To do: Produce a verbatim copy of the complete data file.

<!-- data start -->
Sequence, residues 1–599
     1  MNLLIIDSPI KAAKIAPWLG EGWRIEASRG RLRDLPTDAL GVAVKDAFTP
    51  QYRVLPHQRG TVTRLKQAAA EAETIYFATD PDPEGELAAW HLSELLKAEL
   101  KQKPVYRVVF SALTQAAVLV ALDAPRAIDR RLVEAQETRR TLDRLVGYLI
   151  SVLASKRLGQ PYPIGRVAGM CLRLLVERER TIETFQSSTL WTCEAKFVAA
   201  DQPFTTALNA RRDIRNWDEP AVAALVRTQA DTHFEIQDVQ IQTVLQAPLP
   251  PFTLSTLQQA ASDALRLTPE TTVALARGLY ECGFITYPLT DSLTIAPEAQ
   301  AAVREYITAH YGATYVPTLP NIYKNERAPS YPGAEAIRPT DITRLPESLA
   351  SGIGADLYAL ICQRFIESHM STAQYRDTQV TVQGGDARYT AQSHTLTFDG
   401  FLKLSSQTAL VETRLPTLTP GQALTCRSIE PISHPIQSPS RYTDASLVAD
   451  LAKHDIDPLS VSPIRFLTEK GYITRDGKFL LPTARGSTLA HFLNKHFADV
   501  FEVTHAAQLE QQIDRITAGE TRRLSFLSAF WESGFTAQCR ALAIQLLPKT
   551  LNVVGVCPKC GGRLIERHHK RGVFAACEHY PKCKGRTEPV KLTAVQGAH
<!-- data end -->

Sequence, residues 1–599
     1  MNLLIIDSPI KAAKIAPWLG EGWRIEASRG RLRDLPTDAL GVAVKDAFTP
    51  QYRVLPHQRG TVTRLKQAAA EAETIYFATD PDPEGELAAW HLSELLKAEL
   101  KQKPVYRVVF SALTQAAVLV ALDAPRAIDR RLVEAQETRR TLDRLVGYLI
   151  SVLASKRLGQ PYPIGRVAGM CLRLLVERER TIETFQSSTL WTCEAKFVAA
   201  DQPFTTALNA RRDIRNWDEP AVAALVRTQA DTHFEIQDVQ IQTVLQAPLP
   251  PFTLSTLQQA ASDALRLTPE TTVALARGLY ECGFITYPLT DSLTIAPEAQ
   301  AAVREYITAH YGATYVPTLP NIYKNERAPS YPGAEAIRPT DITRLPESLA
   351  SGIGADLYAL ICQRFIESHM STAQYRDTQV TVQGGDARYT AQSHTLTFDG
   401  FLKLSSQTAL VETRLPTLTP GQALTCRSIE PISHPIQSPS RYTDASLVAD
   451  LAKHDIDPLS VSPIRFLTEK GYITRDGKFL LPTARGSTLA HFLNKHFADV
   501  FEVTHAAQLE QQIDRITAGE TRRLSFLSAF WESGFTAQCR ALAIQLLPKT
   551  LNVVGVCPKC GGRLIERHHK RGVFAACEHY PKCKGRTEPV KLTAVQGAH